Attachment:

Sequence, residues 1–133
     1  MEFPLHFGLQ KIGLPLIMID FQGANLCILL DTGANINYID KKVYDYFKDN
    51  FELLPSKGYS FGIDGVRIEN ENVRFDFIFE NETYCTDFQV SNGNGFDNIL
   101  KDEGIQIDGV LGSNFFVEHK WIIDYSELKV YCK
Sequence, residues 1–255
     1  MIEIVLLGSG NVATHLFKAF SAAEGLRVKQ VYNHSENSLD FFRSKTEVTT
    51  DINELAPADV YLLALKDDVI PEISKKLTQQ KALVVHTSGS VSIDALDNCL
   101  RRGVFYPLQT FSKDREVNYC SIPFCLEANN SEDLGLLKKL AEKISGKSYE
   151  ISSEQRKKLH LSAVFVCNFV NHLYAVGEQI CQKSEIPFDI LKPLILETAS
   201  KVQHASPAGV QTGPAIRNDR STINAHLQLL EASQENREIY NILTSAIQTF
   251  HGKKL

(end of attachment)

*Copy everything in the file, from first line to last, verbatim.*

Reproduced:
Sequence, residues 1–133
     1  MEFPLHFGLQ KIGLPLIMID FQGANLCILL DTGANINYID KKVYDYFKDN
    51  FELLPSKGYS FGIDGVRIEN ENVRFDFIFE NETYCTDFQV SNGNGFDNIL
   101  KDEGIQIDGV LGSNFFVEHK WIIDYSELKV YCK
Sequence, residues 1–255
     1  MIEIVLLGSG NVATHLFKAF SAAEGLRVKQ VYNHSENSLD FFRSKTEVTT
    51  DINELAPADV YLLALKDDVI PEISKKLTQQ KALVVHTSGS VSIDALDNCL
   101  RRGVFYPLQT FSKDREVNYC SIPFCLEANN SEDLGLLKKL AEKISGKSYE
   151  ISSEQRKKLH LSAVFVCNFV NHLYAVGEQI CQKSEIPFDI LKPLILETAS
   201  KVQHASPAGV QTGPAIRNDR STINAHLQLL EASQENREIY NILTSAIQTF
   251  HGKKL